Inés Navarro x B&O
Photos and interview were published in an article about sound, design and craftsmanship in the B&O Play Journal.
Created in collaboration with Mikkel Inumineq.
We spotted Inés from a distance in the late night crowds wandering Barcelona's Raval district. She had very distinct styling, but before we could approach her, she had disappeared into the masses. The next day, by a stroke of luck, we saw her again and started chatting.
Inés picked Port Forum, in the northeast of Barcelona, as one of her favourite spots in the Catalan city, so we met up again there. The area is now predominantly recreational, but used to be an industrial zone so contains vast, desolate areas of pavement and open space. Now it contains obstacle courses, skateboarding tracks, an outdoor amphitheatre, as well as Barcelona’s largest solar panel. During the summer, Port Forum serves as a popular festival venue where thousands of people come to celebrate Barcelona’s lively music and art scene.
Tell us a little about yourself
I’m Inés Navarro, I study communications and cultural industries here in Barcelona. On the side I practice contemporary dance and do a little DJing with my friends. I have a big interest in culture, fashion and art.
Oh… I am starting a band with two friends of mine. I guess we are trying to be a psychedelic rock band, but we are not sure at the moment – we’re just playing around.
What are your Top 3 favorite places in Barcelona?
El Poblenou, which is an old industrial area with loads of warehouses now inhabited by artists, creative spaces and young up-and-coming people. There’s always something going on there.
Razzmatazz, is my favourite club. It’s huge and has many different dance floors for different music styles – and they have a rooftop terrace as well. Also, tourists don’t go there a lot, which is great during Barcelona’s heavy tourist season.
El Raval, is the artist quarter of Barcelona, and where you find a lot of the cool skaters hanging out in the night. It is comparable to Shoreditch in London. You should definitely go there and you can’t miss it if you walk around Barcelona. It’s a cool area.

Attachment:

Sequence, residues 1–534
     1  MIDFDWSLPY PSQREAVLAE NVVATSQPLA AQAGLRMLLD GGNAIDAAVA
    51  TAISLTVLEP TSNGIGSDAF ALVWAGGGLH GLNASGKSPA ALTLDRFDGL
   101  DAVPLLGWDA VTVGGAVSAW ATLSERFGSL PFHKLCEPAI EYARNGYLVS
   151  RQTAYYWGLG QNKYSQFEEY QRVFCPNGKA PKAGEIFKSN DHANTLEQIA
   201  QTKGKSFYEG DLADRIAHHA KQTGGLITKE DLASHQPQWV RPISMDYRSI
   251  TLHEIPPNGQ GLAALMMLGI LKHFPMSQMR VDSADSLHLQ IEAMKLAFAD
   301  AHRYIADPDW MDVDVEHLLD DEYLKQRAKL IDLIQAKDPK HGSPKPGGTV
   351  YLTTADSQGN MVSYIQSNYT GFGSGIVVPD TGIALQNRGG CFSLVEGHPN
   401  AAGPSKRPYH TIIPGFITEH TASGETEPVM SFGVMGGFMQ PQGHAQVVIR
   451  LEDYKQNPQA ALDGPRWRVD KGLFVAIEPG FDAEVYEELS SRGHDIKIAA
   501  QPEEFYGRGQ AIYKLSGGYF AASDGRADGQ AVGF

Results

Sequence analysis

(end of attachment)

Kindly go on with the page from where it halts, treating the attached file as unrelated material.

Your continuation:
What does music and sound mean to you – especially as a dancer?
It’s very important to me. I listen to all kinds of music all day. I can’t do anything without listening to music – for me it’s like an infinite trip that takes you up and down. I escape to new and different worlds through music.
When I was younger I did ballet and that was, of course, to a different kind of music than I listen to today. But it taught me to appreciate musical diversity.
When it comes to fashion and style – where do you look? What inspires you?
I look to the streets to see what’s happening and try to pick up some styles, always in combination with a 90s style, which I am very fond of at the moment. For more personal inspiration, I look to Sita Abellán, who starred in Rihanna’s “Bitch Better Have My Money”. She has amazing style and a personality I can relate to. I follow her on Instagram, which in general gives me great inspiration for style and fashion – that is perhaps my single biggest source.
You’re wearing a mix of classic fashion with a coat, earrings and 90s sportswear with white Buffalo’s from the early 2000s – it’s a potpourri of 50 years of fashion – tell us what’s going on?
I have become more strict in my styling the last couple of years, giving more thought about combinations, opposed to just wearing whatever I had in the closet.
I try to combine the streetwear with the more classy touch today. Comfort is more important for me today.
What do you think about the style in Barcelona in general: you seem quite brave in comparison to the average Barcelonian?
Barcelona is quite conservative and does not have the same developed sense of fashion as you find in Madrid or London. It’s quite unique to find people who share my vision of fashion, music and style, so I guess that’s a thing me and my closest friends have in common.
You don’t find that many brave people around here. For them it’s better to stick to norms and mainstream. They don’t like the attention.
Why do you think Barcelona is so conservative with fashion when the city seems so progressive with visual arts, music and sound culture?
I really don’t know. People just don’t dress fashionably during the day. If you really want to see fashionable people in Barcelona you need to go out to the nightclubs, but even then people usually seem a little posh and overdressed.
Two weeks ago a TV programme followed me and my friends going out because we used to be dressed-up club kids with painted faces and flat form shoes, and so were out of the ordinary. But they were terribly disappointed that we didn’t do it anymore – now we feel a little silly dressing up like that. They made the programme anyway, though.